Su M. Lwin, Farhatullah Syed, Wei-Li Di, Tendai Kadiyirire, Lu Liu, Alyson Guy, Anastasia Petrova, Alya Abdul-Wahab, Fiona Reid, Rachel Phillips, Maria Elstad, Christos Georgiadis, Sophia Aristodemou, Patricia A. Lovell, James R. McMillan, John Mee, Snaigune Miskinyte, Matthias Titeux, Linda Ozoemena, Rashida Pramanik, Sonia Serrano, Racheal Rowles, Clarisse Maurin, Elizabeth Orrin, Magdalena Martinez-Queipo, Ellie Rashidghamat, Christos Tziotzios, Alexandros Onoufriadis, Mei Chen, Lucas Chan, Farzin Farzaneh, Marcela Del Rio, Jakub Tolar, Johann W. Bauer, Fernando Larcher, Michael N. Antoniou, Alain Hovnanian, Adrian J. Thrasher, Jemima E. Mellerio, Waseem Qasim, John A. McGrath
BACKGROUND. Black individuals have lower natriuretic peptide levels and greater risk of heart failure (HF) than white individuals. Higher N-terminal-pro-B-type natriuretic peptide (NT-proBNP) is associated with increased risk of incident HF, but little information is available in black individuals. We examined race-specific differences in 1) the association of NT-proBNP with incident HF and 2) the predictive ability of NT-proBNP for incident HF across body mass index (BMI) and estimated glomerular filtration rate (eGFR) categories. METHODS. In a prospective case-cohort study, baseline NT-proBNP was measured among 687 participants with incident HF and 2,923 (weighted 20,075) non-case randomly selected participants. Multivariable Cox proportional hazard modeling was used to assess the objectives of our study. Global Wald Chi-square score estimated from multivariable Cox models was used to assess predictive ability of NT-proBNP across BMI and eGFR categories. RESULTS. In the multivariable model, a doubling of NT-proBNP concentration was associated with greater risk of incident HF among white individuals [hazard ratio (HR): 1.73; 95% CI: 1.55–1.94] than black individuals (HR: 1.51; 95% CI: 1.34–1.70); Pinteraction by race = 0.024. Higher NT-proBNP was the strongest predictor of incident HF across all BMI and eGFR categories among white individuals. By contrast, among black individuals with obesity (BMI ≥ 30 kg/m2) or eGFR < 60 mL/min/1.73 m2, the predictive ability of NT-proBNP for incident HF was attenuated. CONCLUSIONS. The magnitude of the association of higher NT-proBNP with incident HF risk was greater among white individuals than black individuals. The diminished ability of NT-proBNP to predict the risk of HF in black population with obesity or impaired kidney function highlights the need of further investigations.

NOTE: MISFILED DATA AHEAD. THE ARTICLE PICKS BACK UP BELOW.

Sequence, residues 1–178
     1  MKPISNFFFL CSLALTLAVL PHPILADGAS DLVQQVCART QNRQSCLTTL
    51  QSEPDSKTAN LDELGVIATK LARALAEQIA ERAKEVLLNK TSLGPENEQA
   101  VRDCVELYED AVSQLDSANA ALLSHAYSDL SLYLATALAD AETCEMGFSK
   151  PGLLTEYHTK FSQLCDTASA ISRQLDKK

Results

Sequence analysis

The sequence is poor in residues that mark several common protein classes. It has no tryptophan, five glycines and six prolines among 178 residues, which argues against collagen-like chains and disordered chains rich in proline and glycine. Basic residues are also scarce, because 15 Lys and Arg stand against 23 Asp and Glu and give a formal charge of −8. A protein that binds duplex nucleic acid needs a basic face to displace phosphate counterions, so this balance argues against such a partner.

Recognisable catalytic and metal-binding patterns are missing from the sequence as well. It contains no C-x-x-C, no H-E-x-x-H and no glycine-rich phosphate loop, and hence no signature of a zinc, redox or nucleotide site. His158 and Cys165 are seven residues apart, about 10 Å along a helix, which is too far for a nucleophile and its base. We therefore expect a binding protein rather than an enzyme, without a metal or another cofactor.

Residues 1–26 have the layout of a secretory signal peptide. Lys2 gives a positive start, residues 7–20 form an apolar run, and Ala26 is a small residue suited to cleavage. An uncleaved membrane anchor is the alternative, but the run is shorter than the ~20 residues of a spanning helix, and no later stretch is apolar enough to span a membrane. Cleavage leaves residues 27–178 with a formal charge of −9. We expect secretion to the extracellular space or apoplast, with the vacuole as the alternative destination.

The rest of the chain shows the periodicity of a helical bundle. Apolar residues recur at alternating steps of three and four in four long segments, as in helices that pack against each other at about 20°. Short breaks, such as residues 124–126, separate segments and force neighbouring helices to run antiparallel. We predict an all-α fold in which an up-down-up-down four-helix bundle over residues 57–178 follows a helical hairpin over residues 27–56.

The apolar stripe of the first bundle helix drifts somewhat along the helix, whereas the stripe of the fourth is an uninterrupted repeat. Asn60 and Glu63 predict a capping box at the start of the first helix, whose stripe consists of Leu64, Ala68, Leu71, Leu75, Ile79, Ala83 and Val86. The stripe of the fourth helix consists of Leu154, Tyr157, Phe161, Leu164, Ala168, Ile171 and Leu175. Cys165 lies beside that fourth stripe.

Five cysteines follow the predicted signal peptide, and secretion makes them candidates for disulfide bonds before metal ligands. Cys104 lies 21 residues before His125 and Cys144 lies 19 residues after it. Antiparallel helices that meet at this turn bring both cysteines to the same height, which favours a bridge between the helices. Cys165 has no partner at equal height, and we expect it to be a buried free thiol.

Nirav Patel, Mary Cushman, Orlando M. Gutierrez, George Howard, Monika M. Safford, Paul Muntner, Raegan W. Durant, Sumanth D. Prabhu, Garima Arora, Emily B. Levitan, Pankaj Arora
BACKGROUND. Sphingolipids (SPs) are ubiquitous, structurally diverse molecules that include ceramides, sphingomyelins, and sphingosines. They are involved in various pathologies including obesity and type 2 diabetes mellitus (T2DM). Therefore, it is likely that perturbations in plasma concentrations of SPs are associated with disease. Identifying these associations may reveal useful biomarkers or provide insight into disease processes. METHODS. We performed a lipidomics evaluation of molecularly-distinct SPs in the plasma of 2,302 ethnically-Chinese Singaporeans using electrospray ionization mass spectrometry coupled with liquid chromatography. SP profiles were compared to clinical and biochemical characteristics, and subjects were evaluated by follow-up visits for 11 years. RESULTS. We found that ceramides correlate positively but hexosylceramides correlate negatively with body mass index (BMI) and homeostatic model assessment of insulin resistance (HOMA-IR). Furthermore, SPs with a d16:1 sphingoid backbone correlate more positively with BMI and HOMA-IR, while d18:2 SPs correlate less positively, relative to canonical d18:1 SPs. We also found that higher concentrations of two distinct sphingomyelins were associated with a higher risk of T2DM (HR 1.45, 95% CI 1.18–1.78 for SM d16:1/C18:0; and HR 1.40, 95% CI 1.17–1.68 for SM d18:1/C18:0). CONCLUSION. We identified significant associations between SPs and obesity/T2DM characteristics, specifically, that of hexosylceramides, d16:1 SPs, and d18:2 SPs. This suggests that the balance of SP metabolism, rather than ceramide accumulation, is associated with the pathology of obesity. We further identified two specific SPs that may represent prognostic biomarkers for T2DM. FUNDING. Funding sources are listed in the Acknowledgements section
Wee Siong Chew, Federico Torta, Shanshan Ji, Hyungwon Choi, Husna Begum, Xueling Sim, Chin Meng Khoo, Eric Yin Hao Khoo, Wei-Yi Ong, Rob M. Van Dam, Markus R. Wenk, E. Shyong Tai, Deron R. Herr